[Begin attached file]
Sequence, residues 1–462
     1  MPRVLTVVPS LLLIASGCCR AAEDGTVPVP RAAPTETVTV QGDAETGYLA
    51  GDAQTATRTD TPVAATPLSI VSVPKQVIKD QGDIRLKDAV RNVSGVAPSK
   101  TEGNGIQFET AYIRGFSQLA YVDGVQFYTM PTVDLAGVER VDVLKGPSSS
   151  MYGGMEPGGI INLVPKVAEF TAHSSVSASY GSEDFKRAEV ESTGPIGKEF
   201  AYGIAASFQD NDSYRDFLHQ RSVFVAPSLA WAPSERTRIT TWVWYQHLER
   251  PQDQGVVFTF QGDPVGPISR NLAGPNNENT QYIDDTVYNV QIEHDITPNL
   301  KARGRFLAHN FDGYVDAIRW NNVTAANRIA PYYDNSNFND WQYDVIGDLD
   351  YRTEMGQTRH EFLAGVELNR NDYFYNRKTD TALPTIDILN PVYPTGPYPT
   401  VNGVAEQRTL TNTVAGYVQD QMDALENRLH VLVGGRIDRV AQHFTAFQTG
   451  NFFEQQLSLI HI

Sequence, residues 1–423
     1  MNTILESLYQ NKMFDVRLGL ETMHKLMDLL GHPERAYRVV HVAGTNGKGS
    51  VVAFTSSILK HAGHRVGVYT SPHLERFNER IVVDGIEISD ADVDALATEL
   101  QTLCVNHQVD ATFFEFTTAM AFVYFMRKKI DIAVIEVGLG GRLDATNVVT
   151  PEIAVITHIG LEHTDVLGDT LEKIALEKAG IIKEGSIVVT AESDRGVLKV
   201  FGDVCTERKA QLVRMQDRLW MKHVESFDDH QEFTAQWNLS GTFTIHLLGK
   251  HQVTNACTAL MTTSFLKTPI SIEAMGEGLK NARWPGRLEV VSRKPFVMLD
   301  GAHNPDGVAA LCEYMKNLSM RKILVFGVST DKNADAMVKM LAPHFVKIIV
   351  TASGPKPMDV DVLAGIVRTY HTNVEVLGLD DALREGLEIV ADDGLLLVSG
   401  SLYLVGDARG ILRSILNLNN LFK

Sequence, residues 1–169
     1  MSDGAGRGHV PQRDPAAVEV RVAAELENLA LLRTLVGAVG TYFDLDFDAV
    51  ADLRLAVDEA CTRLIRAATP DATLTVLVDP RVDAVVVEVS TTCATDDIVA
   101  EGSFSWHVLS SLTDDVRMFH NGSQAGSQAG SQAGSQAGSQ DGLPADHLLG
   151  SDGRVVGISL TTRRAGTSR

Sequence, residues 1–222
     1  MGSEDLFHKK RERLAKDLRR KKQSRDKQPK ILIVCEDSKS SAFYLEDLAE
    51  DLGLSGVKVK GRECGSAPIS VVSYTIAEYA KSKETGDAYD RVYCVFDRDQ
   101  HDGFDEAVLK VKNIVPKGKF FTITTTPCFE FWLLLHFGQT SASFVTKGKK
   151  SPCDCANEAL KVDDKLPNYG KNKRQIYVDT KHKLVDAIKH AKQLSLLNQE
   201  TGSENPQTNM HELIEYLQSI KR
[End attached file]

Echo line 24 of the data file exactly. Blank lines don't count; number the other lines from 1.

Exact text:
    51  ADLRLAVDEA CTRLIRAATP DATLTVLVDP RVDAVVVEVS TTCATDDIVA